Spiliotis added that he would "strongly discourage" an effort to incorporate as a charter city even if it was allowed under state law.
"Adding the issue of a charter, in my opinion, would only further complicate the issues and the process, likely increasing opposition," he said in his e-mail.
The difficulties of incorporating as a charter city have not derailed the effort. But it has prompted some proponents to re-examine their approach.
"We are at one of those crossroads," Linder said. "It’s a methodical, grinding process. People come and leave (incorporation groups). It’s a living organism that grows and contracts. It’s a process."
History has shown that to be true in southwest Riverside County. Temecula’s incorporation effort took several tries and a pair of feasibility studies before that fast-growing community became a city in December 1989. Menifee’s push to become a city played out over two decades before the nearly 50-square mile area became a city in October 2008.
Riverside County now contains 28 cities. The latest pair of rural communities to become cities occurred when Eastvale incorporated in October 2010 and Jurupa followed suit nine months later.
Supervisor Stone said the financial problems facing many of the fledgling cities, especially cash-strapped Jurupa, spotlight the difficulties that the Anza area would face if it incorporated.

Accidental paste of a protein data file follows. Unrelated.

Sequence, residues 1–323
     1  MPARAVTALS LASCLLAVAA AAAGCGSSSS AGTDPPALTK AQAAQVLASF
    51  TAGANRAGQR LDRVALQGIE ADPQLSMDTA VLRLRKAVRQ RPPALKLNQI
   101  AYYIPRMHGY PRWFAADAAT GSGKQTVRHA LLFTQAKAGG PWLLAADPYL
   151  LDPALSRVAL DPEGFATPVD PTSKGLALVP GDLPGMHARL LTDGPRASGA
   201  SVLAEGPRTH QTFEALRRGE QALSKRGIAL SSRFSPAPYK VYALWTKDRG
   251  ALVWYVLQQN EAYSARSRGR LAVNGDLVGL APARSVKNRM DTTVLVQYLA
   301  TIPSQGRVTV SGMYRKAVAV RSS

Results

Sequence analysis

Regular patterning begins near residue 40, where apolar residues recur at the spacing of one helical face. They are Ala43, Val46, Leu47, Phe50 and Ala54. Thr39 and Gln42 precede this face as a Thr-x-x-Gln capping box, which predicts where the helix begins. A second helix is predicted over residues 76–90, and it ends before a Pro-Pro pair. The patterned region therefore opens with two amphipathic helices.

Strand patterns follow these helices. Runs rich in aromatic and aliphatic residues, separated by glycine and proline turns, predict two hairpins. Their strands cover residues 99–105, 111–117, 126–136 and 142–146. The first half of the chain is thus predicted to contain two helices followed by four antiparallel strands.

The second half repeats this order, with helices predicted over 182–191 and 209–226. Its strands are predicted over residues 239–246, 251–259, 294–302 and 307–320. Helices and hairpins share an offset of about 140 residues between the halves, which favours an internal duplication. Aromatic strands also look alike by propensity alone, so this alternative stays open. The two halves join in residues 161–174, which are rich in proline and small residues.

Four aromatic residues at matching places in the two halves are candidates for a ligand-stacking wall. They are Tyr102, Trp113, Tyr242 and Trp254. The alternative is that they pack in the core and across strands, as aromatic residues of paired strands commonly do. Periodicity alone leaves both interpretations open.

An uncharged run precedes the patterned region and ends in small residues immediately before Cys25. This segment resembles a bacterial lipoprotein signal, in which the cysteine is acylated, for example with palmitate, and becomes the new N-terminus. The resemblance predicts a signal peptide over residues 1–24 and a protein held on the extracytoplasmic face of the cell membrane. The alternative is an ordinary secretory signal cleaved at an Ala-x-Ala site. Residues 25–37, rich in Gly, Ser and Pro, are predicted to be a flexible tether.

He noted that the financial challenges of forming a city have toughened in recent years as a result of the state siphoning away the share of vehicle licensing fees that had once been earmarked for municipalities.
"I think (incorporation) is highly unrealistic," Stone said. "It’s just not feasible."
Stone said a detailed study would likely show that the county spends more money providing services to the Anza area than it collects in taxes. He also countered many of the criticisms of the county that were raised in interviews by annexation proponents.
He said the county wants economic development to occur in the Anza area, and he has assigned a staff member to help cut through the red tape that can prevent new businesses from opening. He does not think residents would feel safe if they had to rely on mostly-volunteer police or fire protection services.
Stone said he believes most residents of the Anza area are satisfied with the current level of services, and they prefer a rural setting that can be at odds with the demands and financial pressures of running a city.
"They like to be left alone," he said. "They like their rural lifestyle."